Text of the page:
Temiar - Sociopolitical Organization

Social Organization. Viewed in its own terms, Temiar social organization is segmentary and nonhierarchical; each village community runs its own affairs. There are no formal rules of organization apart from the kinship and descent structures already described. More important than formal rules, however, are two dialectically conjoined values that pervade Temiar social life: noninterference in other individuals' wishes and a profound concern for communality. This dialectic is not always easy to maintain, but a variety of cultural mechanisms, rooted in language, religion, and kinship, serve to keep it embedded in daily life.

Political Organization. Two kinds of political role may be distinguished: leadership, which operates at the household cluster and village levels, and which relates primarily to autonomous day-to-day affairs; and headmanship at the village level, which operates in the context of external relations with politically dominant outsiders. A specialized form of headmanship, which we may call chieftaincy, operates at the supravillage level and depends on formal appointment through a letter of authority, issued ostensibly by a sultan.

As already noted, the Temiar village leader's main function is to act as the symbolic guardian of the descent group's estate. Any practical authority to run village affairs that he may possess depends entirely on his strength of character, not on his social position. His most important practical role lies in mediating discussion about such joint productive activities as farming, the collecting and trading of forest products, or the selling of village livestock to outsiders.

The headman ( twaa ', tunggò' ), by contrast, has virtually no role to play in village affairs. Even a Temiar "senior chief," regarded by some outsiders as the ruler of a thousand or more people living in some dozen villages, dresses exactly like the other men of the village and is accorded no special deference by his fellows. The ranking that this appears to generate, and that some writers have claimed was an indigenous feature of Temiar social organization, is a chimera. The roles of headman and chief were created more to bolster the importance of those outsiders who were forced to have dealings with the Temiar (such as the local Malay chiefs or the British military authorities) than in response to needs arising within the Temiar community.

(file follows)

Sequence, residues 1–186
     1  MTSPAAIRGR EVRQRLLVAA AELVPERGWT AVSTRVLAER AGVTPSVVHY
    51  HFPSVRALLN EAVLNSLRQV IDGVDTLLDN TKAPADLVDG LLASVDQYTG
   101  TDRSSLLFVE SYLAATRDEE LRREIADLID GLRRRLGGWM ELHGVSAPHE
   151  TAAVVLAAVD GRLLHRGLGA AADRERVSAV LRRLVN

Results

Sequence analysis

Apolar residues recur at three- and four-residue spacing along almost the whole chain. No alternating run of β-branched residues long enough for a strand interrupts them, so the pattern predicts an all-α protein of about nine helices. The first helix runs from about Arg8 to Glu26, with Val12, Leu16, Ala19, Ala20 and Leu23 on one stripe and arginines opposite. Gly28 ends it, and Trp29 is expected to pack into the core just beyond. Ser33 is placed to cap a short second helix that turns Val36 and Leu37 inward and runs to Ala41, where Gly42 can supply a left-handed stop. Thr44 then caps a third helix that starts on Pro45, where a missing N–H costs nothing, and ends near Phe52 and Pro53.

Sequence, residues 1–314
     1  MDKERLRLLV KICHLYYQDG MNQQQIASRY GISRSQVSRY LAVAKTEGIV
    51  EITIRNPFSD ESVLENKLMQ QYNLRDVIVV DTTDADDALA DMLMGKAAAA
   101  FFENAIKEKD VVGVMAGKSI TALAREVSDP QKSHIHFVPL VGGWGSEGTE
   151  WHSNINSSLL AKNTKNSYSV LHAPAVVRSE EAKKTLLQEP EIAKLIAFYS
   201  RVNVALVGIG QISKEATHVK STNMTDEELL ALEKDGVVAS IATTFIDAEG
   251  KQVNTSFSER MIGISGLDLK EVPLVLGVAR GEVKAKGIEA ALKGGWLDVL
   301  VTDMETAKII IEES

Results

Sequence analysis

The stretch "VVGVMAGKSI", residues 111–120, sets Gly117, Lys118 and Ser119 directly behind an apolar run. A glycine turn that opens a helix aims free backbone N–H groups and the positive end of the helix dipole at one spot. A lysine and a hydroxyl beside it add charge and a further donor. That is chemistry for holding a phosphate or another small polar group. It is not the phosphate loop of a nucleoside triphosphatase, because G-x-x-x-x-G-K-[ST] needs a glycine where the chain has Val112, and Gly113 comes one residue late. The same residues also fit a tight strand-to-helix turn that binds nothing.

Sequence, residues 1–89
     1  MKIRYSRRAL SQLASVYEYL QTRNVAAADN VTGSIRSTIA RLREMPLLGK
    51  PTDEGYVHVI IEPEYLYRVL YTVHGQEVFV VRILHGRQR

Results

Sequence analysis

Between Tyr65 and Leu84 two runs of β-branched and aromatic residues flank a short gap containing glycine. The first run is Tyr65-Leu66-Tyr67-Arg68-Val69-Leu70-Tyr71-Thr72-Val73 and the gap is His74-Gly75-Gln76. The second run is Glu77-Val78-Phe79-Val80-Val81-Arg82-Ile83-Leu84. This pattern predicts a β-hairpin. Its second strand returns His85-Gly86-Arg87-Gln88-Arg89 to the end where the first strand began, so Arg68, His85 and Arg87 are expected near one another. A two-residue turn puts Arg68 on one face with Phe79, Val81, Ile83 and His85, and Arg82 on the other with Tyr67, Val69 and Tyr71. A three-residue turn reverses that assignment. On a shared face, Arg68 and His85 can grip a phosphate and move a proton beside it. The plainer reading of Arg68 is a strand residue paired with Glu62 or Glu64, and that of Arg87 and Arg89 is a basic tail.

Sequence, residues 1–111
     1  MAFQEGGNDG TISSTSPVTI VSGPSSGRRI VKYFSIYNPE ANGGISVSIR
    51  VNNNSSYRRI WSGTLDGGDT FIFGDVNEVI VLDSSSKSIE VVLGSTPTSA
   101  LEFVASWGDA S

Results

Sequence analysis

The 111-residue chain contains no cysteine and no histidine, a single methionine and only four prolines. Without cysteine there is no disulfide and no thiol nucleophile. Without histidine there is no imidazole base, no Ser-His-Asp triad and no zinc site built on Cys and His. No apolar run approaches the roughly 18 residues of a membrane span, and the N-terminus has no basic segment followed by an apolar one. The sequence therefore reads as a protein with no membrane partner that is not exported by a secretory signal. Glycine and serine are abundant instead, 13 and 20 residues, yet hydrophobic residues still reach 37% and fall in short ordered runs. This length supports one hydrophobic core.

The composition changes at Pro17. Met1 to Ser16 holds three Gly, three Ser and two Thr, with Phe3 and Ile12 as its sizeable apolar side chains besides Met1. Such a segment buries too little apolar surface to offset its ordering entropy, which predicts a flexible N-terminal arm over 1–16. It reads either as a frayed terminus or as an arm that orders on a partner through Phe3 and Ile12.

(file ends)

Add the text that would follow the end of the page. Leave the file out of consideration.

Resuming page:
Despite the headman's relative insignificance in day-today affairs, the institution of headmanship has allowed certain structural notions (such as hierarchy by rank and patrilineal succession to office) to enter Temiar culture. These have served as alternative models of social organization, available for use if the political situation seems to demand it. Under the social and ecological changes that the Temiar are currently experiencing, these ideas could become more significant. It is more likely, however, that the relinquishment of a "tribal" outlook will make this a less attractive option than the espousal of an altogether more individualistic mode of operation.

Conflict and Social Control. The main sources of conflict are: (1) sexual jealousy, occasioned by the permissiveness of Temiar "in-law" joking relations; (2) differences of wealth within the community, generated by differential involvement in the cash economy; and (3) pulling out of the village to live elsewhere, instead of giving long-term help and commitment to village activities. Because of a general reluctance to enforce one's wishes on others, there is little that can be done about these circumstances. Gossip and complaining behind people's backs are quite common, but direct confrontation is rare. Things may sometimes get so bad, however, that a communitywide meeting is called by the village leader. Even here, moralizing rather than direct accusation fills the speeches. If discussion does not solve the problem, one of the disputing parties will usually move away to live elsewhere.

Temiar social interaction is underpinned by a general anxiety that one's actions might cause someone else to suffer unsatisfied desires, for this is thought to leave that person open to accident, disease, or misfortune. An assortment of diffuse sanctions is aimed at reducing the likelihood of such an occurrence. One should always share food; one should accede to a direct request for a service or object; and one should avoid setting up a definite future meeting for fear that the promise cannot be kept. These ideas are linked closely to Temiar religious attitudes.

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